Interview: Maria Cuomo Cole

Maria Cuomo Cole is the chairman of HELP USA and a film producer, and she is one of the 2012 Matrix Winners. We caught up with her and asked her about her career, the lessons she learned along the way and about being a communication’s professional in New York.   

Why homelessness struck her as a cause to embrace.
If one doesn’t have a secure home, it’s extremely difficult to impossible to achieve an independent healthy lifestyle and for an individual to pursue their potential or to care for a family. Home is really our essential global value. The world shares the importance of what a home means to an individual and a family. And I think everyone deserves a safe home.
 
Maria's proudest accomplishment.
For HELP USA, my proudest accomplishment would be the agency’s successful national growth through my tenure and our ability to help move individuals and heads of households into self-sufficiency. Personally, I am proud of my three wonderful daughters.
 
What does she teach her children about life?
That’s a big question. I hope my daughters continue to serve, to give of themselves, to share their talents and to create a life for themselves that’s in keeping with their passions and their dreams.
 
Why she thinks women will make an imprint on the world.
I think women today have to pay attention very carefully. I think that my generation has enjoyed the hard work and sacrifice of generations of women before us, and if we’re not careful, we could lose some of those advances for our daughters. And I do believe though, optimistically, that my daughters’ generation will repair the world and will solve a lot of the world’s most serious problems. I think they have the potential and the consensus, strength and ability to do so. I think it’s going to be the most exciting time for women’s achievements.
 
Lessons learned from her mom.
I’ve learned almost everything from my parents and continue to learn from them. From my mom, I’ve learned how to stay true to myself, how to pursue independent goals, interests and passions without taking too much from the people that depend on me.
 
Lessons learned from her dad.
From my father, I’ve learned that unless you’re giving and serving, unless you’re giving of yourself in the best way possible based on your own talents and god-given gifts, then you’re not living a full life. He taught me that a full life is about giving to the maximum of your potential. I’ve also learned from him the importance of continuing to grow intellectually. I’ve inherited his ceaseless sense of curiosity.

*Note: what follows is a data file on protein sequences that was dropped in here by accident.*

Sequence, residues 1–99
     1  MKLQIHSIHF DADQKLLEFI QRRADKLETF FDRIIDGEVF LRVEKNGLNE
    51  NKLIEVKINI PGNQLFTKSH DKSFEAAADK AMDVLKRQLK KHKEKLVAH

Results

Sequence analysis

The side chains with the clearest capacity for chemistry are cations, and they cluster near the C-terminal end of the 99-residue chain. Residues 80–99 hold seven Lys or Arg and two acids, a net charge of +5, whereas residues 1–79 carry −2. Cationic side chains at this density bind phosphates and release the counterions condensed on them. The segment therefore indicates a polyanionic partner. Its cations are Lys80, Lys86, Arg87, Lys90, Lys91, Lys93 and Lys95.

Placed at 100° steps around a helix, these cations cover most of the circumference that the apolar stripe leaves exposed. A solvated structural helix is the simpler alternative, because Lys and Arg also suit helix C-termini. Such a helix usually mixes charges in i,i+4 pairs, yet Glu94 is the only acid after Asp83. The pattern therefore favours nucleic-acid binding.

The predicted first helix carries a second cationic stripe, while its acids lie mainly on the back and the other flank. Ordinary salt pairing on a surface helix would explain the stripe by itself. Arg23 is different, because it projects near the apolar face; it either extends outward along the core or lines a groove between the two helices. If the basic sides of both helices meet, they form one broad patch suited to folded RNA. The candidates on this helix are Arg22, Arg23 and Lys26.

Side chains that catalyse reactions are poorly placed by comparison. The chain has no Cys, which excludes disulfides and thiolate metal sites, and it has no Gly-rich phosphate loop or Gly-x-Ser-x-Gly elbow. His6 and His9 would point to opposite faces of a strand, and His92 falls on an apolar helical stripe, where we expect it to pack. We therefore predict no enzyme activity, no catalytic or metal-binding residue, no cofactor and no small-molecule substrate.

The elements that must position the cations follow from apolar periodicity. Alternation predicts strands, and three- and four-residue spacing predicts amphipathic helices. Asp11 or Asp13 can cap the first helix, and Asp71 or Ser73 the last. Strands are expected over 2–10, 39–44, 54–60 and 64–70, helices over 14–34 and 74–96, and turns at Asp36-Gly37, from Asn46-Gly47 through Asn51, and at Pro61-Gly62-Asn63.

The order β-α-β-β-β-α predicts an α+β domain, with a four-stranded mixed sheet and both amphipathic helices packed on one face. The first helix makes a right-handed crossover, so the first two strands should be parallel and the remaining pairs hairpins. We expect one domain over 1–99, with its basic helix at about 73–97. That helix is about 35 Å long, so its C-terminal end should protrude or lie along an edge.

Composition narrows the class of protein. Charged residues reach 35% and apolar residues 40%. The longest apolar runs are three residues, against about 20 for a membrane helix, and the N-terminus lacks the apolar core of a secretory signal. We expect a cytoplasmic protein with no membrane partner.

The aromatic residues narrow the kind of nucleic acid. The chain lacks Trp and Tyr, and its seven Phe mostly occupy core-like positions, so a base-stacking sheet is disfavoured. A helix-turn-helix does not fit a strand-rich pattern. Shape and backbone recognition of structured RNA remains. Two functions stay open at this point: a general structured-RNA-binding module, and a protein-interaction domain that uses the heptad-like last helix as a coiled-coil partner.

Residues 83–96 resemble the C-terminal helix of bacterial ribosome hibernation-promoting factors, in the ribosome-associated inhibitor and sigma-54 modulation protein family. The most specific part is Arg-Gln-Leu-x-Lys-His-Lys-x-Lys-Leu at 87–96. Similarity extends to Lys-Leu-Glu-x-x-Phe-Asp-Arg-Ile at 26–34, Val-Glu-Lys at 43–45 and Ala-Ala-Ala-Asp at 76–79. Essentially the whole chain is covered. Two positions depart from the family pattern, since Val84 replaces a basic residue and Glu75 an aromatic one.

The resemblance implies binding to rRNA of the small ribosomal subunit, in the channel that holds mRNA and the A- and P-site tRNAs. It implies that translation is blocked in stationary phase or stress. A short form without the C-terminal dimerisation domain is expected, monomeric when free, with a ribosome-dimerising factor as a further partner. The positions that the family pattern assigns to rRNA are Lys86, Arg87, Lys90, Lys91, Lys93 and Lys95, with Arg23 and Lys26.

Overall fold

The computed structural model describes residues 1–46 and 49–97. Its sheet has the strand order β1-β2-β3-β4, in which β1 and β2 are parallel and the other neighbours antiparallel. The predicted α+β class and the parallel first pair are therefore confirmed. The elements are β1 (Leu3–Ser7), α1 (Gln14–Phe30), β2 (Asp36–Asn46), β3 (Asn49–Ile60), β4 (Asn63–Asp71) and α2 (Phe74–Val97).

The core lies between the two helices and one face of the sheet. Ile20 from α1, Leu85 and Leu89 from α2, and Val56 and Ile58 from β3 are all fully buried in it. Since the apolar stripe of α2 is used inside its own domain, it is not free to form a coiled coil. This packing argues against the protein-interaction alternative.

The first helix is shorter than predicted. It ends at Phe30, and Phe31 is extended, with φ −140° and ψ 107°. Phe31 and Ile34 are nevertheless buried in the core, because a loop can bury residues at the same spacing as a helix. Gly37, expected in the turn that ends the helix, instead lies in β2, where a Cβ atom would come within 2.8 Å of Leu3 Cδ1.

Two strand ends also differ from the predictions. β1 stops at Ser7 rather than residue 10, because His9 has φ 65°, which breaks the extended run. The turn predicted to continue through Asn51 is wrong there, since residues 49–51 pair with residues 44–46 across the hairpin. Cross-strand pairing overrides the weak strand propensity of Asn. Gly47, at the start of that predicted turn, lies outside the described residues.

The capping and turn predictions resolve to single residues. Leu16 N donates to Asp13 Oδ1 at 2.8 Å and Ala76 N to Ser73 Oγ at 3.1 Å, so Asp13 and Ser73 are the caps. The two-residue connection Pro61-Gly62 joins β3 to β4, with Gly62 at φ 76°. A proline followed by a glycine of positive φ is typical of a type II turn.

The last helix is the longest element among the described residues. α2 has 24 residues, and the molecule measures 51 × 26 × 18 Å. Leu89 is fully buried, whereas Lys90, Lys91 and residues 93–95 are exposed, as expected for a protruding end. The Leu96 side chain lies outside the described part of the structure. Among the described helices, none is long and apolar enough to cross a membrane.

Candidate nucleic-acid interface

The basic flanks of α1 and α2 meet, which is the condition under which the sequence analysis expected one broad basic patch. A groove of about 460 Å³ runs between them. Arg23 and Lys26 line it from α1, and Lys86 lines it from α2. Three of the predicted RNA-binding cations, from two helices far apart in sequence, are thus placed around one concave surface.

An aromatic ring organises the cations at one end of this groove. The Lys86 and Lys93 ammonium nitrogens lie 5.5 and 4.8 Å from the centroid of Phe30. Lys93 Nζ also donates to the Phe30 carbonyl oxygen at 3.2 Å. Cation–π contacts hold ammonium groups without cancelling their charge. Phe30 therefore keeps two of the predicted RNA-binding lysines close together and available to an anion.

What is the importance of communication?
I believe that it’s through communication that we prosper and create change. That philosophy has grown with me through the years. I’ve implemented that philosophy in my personal and my professional life. In my service work, communication has been key to satisfy advocacy. Advocacy is communications. You cannot affectively advocate unless you’re educating the public about the constituency you’re serving, the issue, the cause. So, I’d say public education can only be achieved through affective communication and allowing and empowering others to tell and share their stories and advocate for themselves. My film work has been inspired by the same objectives and goals — to educate the public about important issues through the stories of real individuals.
 
Her husband started out selling shoes. How many pairs of shoes does she own?
That’s unfair (laughs)! I do not have a gluttonous appetite for shoes. I can appreciate them without having to own them, thankfully. I do have quite an impressive collection of Kenneth Cole footwear from the mid-80s. From his start, Kenneth and I have been together for over 25 years, so I’ve been lucky and fortunate to watch him grow his remarkable business. But more than that, watching him create a new genre of communicating with the public and consumers about socially relevant issues.
 
Favorite ad of her husband’s company.
Kenneth has always been progressive with his messaging. Almost 20 years ago, he ran a campaign called “The Place of a Woman.” It was a series of ads and one of the most memorable was “The place for a woman is…in the White House.” He’s always had feminist sensibilities and been very supportive of women’s progress and independence. Just another thing to love about him.
 
Her favorite place in New York.
I think the streets of New York really define our culture, our crazy maddening, ever-interesting, changing city, which you can only really experience on the streets.
 
How do you chillax?
Family time and friends. That’s one world for us. Our children have grown up as part of our lives and our friends. I cherish all of those memories and moments that we’re lucky enough to share.